a work in progress

Hello blog (and any loyal readers out there). I've missed you! I haven't written lately because I just plain have not been able to find the time. Kindergarten and two pickup/drop-off locations is a game changer. You know how it feels when you turn the clock ahead for daylight savings and you lose an hour? I feel like that every day now. I am struggling to get everyone out the door in the morning with full tummies and in clean clothes. And then again at night everyone must eat, bathe, sleep. Basic events that have to happen and should be so easy but sometimes feel impossible (someone in our house is 3 years old. Need I say more??) We're all working on sight words and letter sounds. Learning to read is important stuff! And yet where does it fit in the mad dash of the post-work-pre-bed rush? It is a work in progress for sure.

I've written here in the past about the pros and cons of my career. I love the variety of my days that sometimes have me in the research lab or in the classroom, in meetings, on the road, in my office sorting through data or reviewing manuscripts for publication. My job is flexible and there are days when I can work from home, put in a load of laundry, prep for dinner and feel way ahead of my game. It isn't always easy, but I can schedule doctor's appointments and plan to be the mystery reader in Charlie's school. I can even manage the occasional impromptu trip to the park on an unexpectedly warm late Fall afternoon. This flexibility is the reason I keep doing what I'm doing.

The downside to my job is the need to fund my research with external grants. Academic researchers like me typically get funding from the National Institutes of Health or from private agencies like the American Diabetes Association. NIH funding is the ultimate prize and comes with a healthy dose of respect from your peers and your department chair. With NIH funding I am my own boss, call my own shots and no one asks too many questions. I can hire researchers in the lab, take on new graduate students, dream up cool experiments and then carry them out. Life is good with an NIH grant.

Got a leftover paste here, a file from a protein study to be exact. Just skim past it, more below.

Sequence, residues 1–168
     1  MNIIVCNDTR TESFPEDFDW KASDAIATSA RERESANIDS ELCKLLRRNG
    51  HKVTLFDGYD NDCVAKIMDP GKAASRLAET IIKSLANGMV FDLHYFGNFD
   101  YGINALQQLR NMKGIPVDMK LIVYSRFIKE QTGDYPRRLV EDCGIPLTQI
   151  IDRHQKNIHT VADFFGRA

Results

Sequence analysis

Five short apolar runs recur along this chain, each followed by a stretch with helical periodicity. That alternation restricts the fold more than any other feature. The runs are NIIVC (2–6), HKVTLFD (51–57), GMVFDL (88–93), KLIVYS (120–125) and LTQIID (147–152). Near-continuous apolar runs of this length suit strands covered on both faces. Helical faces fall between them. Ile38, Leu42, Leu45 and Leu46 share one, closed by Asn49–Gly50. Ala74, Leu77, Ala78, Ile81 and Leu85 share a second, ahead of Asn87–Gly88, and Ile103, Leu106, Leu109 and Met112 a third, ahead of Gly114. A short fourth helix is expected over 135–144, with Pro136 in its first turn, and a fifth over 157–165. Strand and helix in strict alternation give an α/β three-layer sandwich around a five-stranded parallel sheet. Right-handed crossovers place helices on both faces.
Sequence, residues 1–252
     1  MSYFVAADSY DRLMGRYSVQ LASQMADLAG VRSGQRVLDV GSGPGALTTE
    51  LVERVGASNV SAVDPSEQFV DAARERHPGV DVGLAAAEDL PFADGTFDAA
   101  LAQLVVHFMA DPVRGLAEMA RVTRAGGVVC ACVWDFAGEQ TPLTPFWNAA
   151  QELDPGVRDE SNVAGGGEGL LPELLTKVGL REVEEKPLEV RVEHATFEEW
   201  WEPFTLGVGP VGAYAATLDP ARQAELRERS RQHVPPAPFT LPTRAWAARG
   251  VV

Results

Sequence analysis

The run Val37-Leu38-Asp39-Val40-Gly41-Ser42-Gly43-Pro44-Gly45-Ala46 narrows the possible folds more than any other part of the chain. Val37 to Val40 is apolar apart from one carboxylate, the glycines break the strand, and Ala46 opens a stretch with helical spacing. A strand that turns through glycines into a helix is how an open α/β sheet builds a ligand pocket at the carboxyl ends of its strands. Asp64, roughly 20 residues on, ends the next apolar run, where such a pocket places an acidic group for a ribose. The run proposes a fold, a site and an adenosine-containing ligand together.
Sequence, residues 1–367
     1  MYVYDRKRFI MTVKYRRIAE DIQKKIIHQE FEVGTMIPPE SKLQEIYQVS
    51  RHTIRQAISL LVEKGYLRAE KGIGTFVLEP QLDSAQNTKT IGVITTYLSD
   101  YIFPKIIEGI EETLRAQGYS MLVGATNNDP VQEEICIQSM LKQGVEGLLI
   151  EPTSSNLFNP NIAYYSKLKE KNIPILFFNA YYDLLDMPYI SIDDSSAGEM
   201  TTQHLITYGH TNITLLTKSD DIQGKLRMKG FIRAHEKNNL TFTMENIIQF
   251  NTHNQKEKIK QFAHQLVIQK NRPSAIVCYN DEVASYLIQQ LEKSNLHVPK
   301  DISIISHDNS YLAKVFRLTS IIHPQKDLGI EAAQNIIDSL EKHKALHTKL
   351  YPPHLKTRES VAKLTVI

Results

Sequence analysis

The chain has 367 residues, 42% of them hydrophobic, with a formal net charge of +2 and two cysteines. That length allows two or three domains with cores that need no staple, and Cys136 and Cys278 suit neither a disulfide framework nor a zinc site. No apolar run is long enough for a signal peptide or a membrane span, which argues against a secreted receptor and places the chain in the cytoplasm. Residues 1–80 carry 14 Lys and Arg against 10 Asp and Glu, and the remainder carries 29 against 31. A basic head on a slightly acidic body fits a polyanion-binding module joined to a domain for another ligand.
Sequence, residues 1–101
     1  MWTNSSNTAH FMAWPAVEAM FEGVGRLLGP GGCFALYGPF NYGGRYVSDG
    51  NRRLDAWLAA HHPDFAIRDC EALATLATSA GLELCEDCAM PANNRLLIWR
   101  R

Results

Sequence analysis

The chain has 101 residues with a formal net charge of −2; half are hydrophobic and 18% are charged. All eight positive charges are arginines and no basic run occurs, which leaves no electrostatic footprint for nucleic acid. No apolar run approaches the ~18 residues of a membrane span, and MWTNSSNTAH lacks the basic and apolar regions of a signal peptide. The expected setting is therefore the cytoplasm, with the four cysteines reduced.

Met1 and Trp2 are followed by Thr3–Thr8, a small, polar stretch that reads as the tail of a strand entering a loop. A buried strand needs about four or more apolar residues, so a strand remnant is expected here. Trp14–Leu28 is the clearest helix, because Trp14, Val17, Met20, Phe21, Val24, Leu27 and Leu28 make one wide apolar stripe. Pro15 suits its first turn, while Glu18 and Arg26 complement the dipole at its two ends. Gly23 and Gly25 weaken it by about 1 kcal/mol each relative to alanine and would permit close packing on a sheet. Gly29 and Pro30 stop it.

For the past 4 1/2 years I've had an NIH grant. My grant will run out in 6 months.

The pressure to get another NIH grant is immense. Without another NIH grant, my research technician could lose his job and my graduate students might not be able to finish their dissertation work. My lab space would sit idle and empty. Success rates for NIH funding are the lowest they've been in 30 years (NPR did an entire series on dire NIH funding this past fall). Twenty years ago every grant submitted to the NIH had a 25-30% chance of being funded. My grant now has a 5% chance. The odds are seemingly impossible.

And yet, I must continue to pursue an NIH grant, or any sort of grant. It is what I was hired to do, it is the expectation of my job. At the same time, I can't let it consume me. I can't lose years of my life and my children's lives to the stress of a 5% payline. I will do my best. I don't want to fail - myself, the people in my lab, the university.  But I also can't fail my family. That is a price I am unwilling to pay.

I've missed writing in this space, documenting my days and cementing my memories in words. I feel like the crazy full days that are my life right now go by even faster when I can't stop to write and reflect upon them. This blog has allowed me to slow down and recognize the little and big things about raising my family that I always want to remember. I hope to make my way back here soon.

At the end of the day, I have this...

and I know it will all be OK.


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